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Hyperion Records

CDH55457 - Chausson & Indy: String Quartets
Fishing (1878) by Gustave Caillebotte (1848-1893)
CDH55457
(Originally issued on CDA67097)
Recording details: Various dates
Various recording venues
Produced by Various producers
Engineered by Various engineers
Release date: February 2013
Total duration: 64 minutes 46 seconds

GRAMOPHONE CRITICS' CHOICE
GRAMOPHONE EDITOR'S CHOICE

'In a different league from the only readily available competition. The insight and imagination of the Chilingirian makes a persuasive case that this music should be given greater recognition. Recommended' (BBC Music Magazine)

'Very fine performances' (International Record Review)

'This superb disc is a revelation' (The Guardian)

'The Chilingirian Quartet provides the perfect guide to these seldom-heard works … utterly compelling' (The Strad)

'Ripely affectionate performances from the Chilingirians, beguilingly recorded, and expertly annotated by Roger Nichols' (Classic CD)

'Recommended' (Fanfare, USA)

Chausson & Indy: String Quartets
Grave – Modéré  [12'25]
Très calme  [7'32]
Lent et calme  [9'10]
Assez modéré  [6'27]
Assez lent  [9'56]

Ernest Chausson died when his bicycle crashed into a wall. Among the various projects he left behind were some orchestral overtures, a violin sonata, a second symphony and this string quartet. He had finished the first two movements of the quartet and was nearly at the end of the third when the accident happened. D’Indy completed the third movement and it is for this reason it seems appropriate to couple the two works on this recording.

Vincent d’Indy, once one of Franck’s pupils, completed three string quartets in his lifetime and left one incomplete on his death. He used traditional forms of sonata structure, lied, dance form and rondo for the four movements and with traditional emphases on rhythmic development and key contrasts, but followed Franckian, so-called ‘cyclic’ techniques of melodic transformation, designed to unify the work as a whole. The first quartet is based around a four-note motif found in Mahler’s Symphony No 1, which d’Indy almost certainly would not have known, and as the Bell motif in the first act of Parsifal (which he certainly did know).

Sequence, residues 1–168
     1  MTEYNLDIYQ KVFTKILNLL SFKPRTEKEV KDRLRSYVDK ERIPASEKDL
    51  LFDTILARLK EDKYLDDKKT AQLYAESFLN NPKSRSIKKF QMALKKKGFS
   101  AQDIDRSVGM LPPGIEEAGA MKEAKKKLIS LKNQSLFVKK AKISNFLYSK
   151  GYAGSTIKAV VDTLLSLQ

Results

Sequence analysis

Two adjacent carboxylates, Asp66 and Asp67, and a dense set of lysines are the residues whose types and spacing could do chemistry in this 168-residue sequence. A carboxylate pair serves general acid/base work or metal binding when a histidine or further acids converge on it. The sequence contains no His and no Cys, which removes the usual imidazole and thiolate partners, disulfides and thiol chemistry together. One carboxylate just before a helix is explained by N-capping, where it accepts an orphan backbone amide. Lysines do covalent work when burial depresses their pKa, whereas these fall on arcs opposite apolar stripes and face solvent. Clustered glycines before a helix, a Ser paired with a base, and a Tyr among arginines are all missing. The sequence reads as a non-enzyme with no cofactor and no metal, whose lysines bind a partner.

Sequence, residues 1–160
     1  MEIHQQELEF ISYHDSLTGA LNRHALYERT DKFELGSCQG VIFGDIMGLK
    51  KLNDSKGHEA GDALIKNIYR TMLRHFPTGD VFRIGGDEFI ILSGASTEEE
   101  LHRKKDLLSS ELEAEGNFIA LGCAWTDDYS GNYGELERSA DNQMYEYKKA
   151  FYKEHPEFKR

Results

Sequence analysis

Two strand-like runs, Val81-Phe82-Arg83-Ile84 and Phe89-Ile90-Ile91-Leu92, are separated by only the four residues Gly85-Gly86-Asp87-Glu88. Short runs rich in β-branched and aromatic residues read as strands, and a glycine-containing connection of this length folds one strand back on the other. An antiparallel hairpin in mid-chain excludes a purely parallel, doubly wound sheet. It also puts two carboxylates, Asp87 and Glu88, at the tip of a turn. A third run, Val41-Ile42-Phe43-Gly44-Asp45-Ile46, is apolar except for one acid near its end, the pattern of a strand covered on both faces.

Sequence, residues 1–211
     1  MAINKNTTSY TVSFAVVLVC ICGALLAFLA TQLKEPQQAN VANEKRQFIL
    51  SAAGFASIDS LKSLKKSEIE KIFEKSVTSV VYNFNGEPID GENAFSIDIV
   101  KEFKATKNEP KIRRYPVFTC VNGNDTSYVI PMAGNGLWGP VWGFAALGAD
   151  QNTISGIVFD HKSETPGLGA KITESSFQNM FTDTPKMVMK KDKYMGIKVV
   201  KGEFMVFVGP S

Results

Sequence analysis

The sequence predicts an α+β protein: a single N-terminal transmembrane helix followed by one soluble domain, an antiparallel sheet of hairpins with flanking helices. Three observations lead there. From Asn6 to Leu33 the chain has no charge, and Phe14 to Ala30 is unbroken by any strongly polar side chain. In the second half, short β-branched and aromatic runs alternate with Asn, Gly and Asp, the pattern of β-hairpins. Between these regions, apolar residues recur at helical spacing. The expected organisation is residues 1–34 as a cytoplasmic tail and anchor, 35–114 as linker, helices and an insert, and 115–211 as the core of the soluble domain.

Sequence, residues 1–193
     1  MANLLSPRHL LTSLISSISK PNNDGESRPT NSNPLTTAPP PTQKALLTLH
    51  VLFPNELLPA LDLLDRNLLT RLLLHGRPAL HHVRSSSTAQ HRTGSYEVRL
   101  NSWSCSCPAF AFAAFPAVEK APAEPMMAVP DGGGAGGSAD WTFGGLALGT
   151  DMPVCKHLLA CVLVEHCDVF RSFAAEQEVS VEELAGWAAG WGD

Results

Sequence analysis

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Introduction  EnglishFrançaisDeutsch
The philosophical distinction first proposed by Immanuel Kant, between the ‘sublime’ with its tendencies to wildness, ruggedness and excess and the ‘beautiful’, more controlled and polite, was implicated in the efforts of many late-nineteenth-century composers. Early in the twentieth century the English critic W J Turner stated that ‘it is the sublimity of the soul that makes the music of Beethoven and Bach so immeasurably greater than that of Wagner and Debussy’. Similarly, at a lower level, lay the distinction between the ‘beautiful’ and the ‘pretty’: the French bass Doda Conrad, taken as a nine-year-old to the first concert performance of Le Sacre du printemps in 1914, complained to the middle-aged lady with him ‘Je n’aime pas ça—ce n’est pas joli!’ and was much impressed by her reply: ‘Non, ce n’est pas joli, c’est beau!’.

A Frenchman writing a string quartet after 1870 was likely to be carrying a double burden of sublimity. In the first place, the thrust of the new French music, exemplified by the newly formed Société nationale under its motto ‘Ars gallica’, was to meet German music on its own terms, and this was done largely through the medium of chamber music which aimed to get as far away from the spirit of opérette as possible. Early Fauré works such as the First Violin Sonata and the two Piano Quartets showed this tendency at its most successful.

The second burden was that of the string quartet medium itself, trailing, as it did, clouds of Beethovenian glory. Certainly it was possible to write a quartet that eschewed Beethoven and all his works, as in the posthumously published example by Gounod, but then at the end of his life Gounod was not trying to prove anything. Any French composer in his middle years, and without Faust behind him, would almost inevitably be drawn into some kind of dialogue with the man disrespectfully known by Ravel as ‘le vieux sourd’.